We need a forum for things that have a factual answer but should also be in the pit! Well, I’ll keep it civil.
So, thinking of moving, and the real estate professional who submits all the forms, apparently before she even thinks about listing our house/showing us others, checks our credit, and it’s all okay except for the federal tax lien from the IRS.
Now some years ago I had squabble with the IRS…lasted about six years before it was finally resolved in my favor. During this time I hired a lawyer twice. First to get to the bottom of the dispute, which involved the IRS saying I hadn’t sent such and such a form and therefore I owed XXX. Now I don’t keep very good records, but I had a copy of the form. According to the IRS that proved nothing. So I was being stubborn and saying I would not pay, didn’t owe it, and the IRS sent me a notice of INTENT to file a tax lien, whereupon I hied myself to a lawyer. $400 bucks or so later (and I got off cheap), said lawyer had requested the form the IRS said I never sent, through FOIA I think (I would never have thought of that!)and the IRS had dutifully sent it back, date-stamped, indicating that I had sent it after all and they had gotten it. So, all good.
Round two. Some months later. Although the IRS had decided I didn’t owe the $$$ and never had, it was still coming after me for the penalties and interest, which were accumulating at an alarming rate. At this point it was about the same whether I paid them or paid the lawyer–again. So I paid the lawyer, who went to battle on my behalf saying it was ridiculous that I should owe penalties and interest, and interest on the penalties, and then new penalties on the interest…etc…since I’d never owed the money in the first place. Once again he seemed to have won. It’s hard to tell, because the IRS didn’t exactly send me a letter saying Oh, nevermind, sorry for all the agita. But the lawyer said that they don’t. However, they did pick apart my (then) most recent tax return and decided I owed another $35, which he recommended that I not dispute. So I paid it. And then he told me to be very careful and diligent about my dealings with the IRS, which I have been. Send my tax return off with return receipt requested & all that. All figures double-checked.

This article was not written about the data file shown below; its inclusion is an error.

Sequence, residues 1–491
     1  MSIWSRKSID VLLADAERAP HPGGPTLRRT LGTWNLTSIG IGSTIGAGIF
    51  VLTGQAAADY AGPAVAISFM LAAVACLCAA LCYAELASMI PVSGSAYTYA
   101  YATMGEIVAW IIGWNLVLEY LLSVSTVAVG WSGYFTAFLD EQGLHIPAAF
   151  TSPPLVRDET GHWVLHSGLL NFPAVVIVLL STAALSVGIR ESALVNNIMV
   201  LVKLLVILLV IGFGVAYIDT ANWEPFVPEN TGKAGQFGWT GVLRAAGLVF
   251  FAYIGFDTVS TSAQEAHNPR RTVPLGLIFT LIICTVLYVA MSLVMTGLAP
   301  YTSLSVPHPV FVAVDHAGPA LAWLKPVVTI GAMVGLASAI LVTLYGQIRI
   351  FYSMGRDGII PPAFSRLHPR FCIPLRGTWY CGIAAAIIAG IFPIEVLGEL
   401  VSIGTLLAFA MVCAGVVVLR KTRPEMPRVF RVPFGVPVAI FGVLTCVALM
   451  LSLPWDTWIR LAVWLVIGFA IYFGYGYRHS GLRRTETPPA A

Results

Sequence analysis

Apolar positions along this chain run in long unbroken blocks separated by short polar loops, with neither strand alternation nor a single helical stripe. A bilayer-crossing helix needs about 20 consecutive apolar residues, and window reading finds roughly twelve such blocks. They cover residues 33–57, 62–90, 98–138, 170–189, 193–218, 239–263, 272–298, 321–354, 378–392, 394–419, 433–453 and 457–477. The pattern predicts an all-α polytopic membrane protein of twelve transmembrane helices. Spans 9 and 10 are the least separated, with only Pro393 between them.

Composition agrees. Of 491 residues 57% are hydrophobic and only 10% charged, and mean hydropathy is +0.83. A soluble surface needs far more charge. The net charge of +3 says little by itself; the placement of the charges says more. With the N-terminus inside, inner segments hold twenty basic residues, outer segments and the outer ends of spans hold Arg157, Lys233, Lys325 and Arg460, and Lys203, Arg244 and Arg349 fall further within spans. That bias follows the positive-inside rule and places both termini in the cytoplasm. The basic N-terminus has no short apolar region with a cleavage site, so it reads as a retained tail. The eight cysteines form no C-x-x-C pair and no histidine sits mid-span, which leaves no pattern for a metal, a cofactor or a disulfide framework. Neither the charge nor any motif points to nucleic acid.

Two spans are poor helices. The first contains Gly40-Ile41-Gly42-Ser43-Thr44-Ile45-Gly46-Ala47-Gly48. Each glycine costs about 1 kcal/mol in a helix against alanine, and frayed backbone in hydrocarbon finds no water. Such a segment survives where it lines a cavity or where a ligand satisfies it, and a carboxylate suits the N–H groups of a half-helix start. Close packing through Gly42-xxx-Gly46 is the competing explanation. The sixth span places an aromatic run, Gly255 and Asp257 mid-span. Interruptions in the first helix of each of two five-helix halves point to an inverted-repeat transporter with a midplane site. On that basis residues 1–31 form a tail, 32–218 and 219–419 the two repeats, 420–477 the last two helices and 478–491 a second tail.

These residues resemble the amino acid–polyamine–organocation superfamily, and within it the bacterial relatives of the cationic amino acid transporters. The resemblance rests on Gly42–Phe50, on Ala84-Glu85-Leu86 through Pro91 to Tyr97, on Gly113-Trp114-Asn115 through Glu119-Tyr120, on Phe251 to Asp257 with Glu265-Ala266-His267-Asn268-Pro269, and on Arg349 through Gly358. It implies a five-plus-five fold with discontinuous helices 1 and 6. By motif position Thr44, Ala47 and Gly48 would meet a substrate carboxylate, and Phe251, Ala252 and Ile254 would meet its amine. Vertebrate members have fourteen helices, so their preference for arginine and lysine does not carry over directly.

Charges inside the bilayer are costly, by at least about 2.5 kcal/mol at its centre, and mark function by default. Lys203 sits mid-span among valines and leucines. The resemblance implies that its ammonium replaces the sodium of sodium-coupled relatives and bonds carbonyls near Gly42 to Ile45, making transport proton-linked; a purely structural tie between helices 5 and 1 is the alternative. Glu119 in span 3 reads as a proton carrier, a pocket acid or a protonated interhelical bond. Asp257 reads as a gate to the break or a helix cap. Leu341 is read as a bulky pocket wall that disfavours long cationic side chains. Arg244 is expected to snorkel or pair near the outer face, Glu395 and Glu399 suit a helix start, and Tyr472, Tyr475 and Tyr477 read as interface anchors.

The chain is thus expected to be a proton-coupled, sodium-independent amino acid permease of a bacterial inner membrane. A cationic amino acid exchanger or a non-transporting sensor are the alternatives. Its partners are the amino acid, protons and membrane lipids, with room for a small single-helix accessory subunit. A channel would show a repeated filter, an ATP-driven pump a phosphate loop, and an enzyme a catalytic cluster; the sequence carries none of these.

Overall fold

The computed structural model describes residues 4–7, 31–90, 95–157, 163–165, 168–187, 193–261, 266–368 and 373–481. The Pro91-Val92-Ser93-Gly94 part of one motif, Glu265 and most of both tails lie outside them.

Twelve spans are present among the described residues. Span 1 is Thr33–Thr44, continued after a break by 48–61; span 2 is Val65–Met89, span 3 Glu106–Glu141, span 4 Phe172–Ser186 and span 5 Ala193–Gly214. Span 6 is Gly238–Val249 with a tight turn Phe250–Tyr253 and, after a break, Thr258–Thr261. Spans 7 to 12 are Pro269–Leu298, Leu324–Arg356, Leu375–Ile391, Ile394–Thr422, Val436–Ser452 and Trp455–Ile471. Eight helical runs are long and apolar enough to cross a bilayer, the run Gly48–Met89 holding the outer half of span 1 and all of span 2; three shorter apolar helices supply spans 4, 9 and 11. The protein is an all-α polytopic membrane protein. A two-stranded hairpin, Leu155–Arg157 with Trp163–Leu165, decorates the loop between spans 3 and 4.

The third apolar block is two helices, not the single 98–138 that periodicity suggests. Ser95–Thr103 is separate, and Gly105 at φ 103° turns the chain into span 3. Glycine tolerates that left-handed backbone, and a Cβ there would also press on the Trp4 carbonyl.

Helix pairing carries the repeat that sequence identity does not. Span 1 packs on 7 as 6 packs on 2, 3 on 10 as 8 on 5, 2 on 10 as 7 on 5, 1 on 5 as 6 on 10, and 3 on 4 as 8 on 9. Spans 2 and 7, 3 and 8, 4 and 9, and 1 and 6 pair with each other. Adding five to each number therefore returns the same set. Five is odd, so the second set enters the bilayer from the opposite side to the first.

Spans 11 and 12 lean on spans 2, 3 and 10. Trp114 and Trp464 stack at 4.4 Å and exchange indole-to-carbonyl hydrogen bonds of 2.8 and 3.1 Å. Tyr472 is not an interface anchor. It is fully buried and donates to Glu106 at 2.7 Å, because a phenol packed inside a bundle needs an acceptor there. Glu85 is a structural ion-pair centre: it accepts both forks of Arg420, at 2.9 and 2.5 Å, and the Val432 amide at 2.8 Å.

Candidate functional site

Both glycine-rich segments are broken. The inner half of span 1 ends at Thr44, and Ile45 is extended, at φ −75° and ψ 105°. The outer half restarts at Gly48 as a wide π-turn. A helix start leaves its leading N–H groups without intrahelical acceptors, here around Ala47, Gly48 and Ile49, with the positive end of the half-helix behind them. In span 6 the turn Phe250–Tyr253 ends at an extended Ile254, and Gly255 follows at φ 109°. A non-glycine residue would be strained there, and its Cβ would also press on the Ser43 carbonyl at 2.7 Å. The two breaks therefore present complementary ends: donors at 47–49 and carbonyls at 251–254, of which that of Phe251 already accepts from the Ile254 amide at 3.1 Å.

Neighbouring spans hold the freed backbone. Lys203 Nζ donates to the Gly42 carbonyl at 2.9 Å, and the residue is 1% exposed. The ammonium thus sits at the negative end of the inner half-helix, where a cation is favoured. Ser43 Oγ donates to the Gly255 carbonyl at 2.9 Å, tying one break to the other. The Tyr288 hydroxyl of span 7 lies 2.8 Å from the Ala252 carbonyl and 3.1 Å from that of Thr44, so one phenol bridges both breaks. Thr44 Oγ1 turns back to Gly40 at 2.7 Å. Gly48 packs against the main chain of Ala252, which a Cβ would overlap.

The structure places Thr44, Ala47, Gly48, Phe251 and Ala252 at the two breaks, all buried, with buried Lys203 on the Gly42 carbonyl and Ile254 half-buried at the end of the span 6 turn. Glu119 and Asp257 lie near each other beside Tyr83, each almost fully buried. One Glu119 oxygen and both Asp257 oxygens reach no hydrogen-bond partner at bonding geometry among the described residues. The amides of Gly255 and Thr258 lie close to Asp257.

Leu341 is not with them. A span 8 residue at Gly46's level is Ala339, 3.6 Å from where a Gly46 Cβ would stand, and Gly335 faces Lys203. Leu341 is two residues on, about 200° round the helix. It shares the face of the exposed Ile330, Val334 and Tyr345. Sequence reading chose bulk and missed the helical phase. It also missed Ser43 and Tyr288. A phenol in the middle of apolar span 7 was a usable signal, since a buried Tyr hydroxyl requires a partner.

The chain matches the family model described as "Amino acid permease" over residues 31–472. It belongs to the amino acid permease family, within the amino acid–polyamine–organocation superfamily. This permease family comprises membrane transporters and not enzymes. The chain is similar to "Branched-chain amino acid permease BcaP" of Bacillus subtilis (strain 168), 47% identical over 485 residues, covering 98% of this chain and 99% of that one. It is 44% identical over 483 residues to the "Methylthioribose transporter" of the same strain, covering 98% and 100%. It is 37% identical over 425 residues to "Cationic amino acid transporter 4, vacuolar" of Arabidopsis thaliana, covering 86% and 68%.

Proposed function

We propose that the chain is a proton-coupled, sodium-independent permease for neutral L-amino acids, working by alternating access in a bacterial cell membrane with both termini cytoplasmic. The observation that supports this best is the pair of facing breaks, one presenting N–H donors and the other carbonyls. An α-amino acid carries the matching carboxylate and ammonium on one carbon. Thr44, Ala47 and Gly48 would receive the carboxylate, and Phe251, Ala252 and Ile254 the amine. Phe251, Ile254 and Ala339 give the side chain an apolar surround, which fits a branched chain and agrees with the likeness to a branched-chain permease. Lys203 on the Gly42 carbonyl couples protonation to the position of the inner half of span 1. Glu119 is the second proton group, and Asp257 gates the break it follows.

Apparently this is round three–this tax lien–which I thought had never even been filed in the first place. Now the RE lady’s husband is also a tax attorney (how very convenient) and she knows a bit about it, and she said once they’ve sent you the notice of intent they don’t have to tell you if they actually went ahead and filed it. (Come to think of it she probably knows this because of real estate, not because of her husband, but boy, do I ever digress.) But if they fail to release it you can sue them. :rolleyes: (<—my first rolleyes) I have checked with the state & county–secretary of state, clerk & recorder. No tax lien on file but no release either–but that would have been in 2001, and the electronic searchable record doesn’t go back that far.
I mentioned that what’s really baffling is that I applied for and got, with no problem at all, a new credit card last summer. No mention of any federal tax liens. Nothing. I have been remiss. I have not ordered my free credit report from the three reporting agencies. RE agent says probably it’s not listed by all three credit reporting agencies which is how it slipped through.
But her solution was that I should go through a service that does nothing but get these things off people’s credit reports. Now–what do they do that I can’t do?
I’m thinking I need to get a release of the lien (from the IRS?) and copies of all three credit reports, and then send a copy of the release to whoever has it listed. It sounds like a headache, but it also sounds relatively cheap. My husband thinks that, being already way out of pocket for this thing thanks to the creeps at the IRS and my own lousy record-keeping, we should just throw more money at it and engage one of these firms. RE agent gave us a couple of names. (And also, where to find her tax-attorney spouse, who could also help us out in this realm. Hah.)
If someone files a lien, not just an intent to file a lien, don’t they have to tell you?
Can the professionals accomplish this faster/more efficiently? Because the RE lady said at least 90 days.
Oh, yeah, and (3) should I sue the IRS? (Bwahahahaha)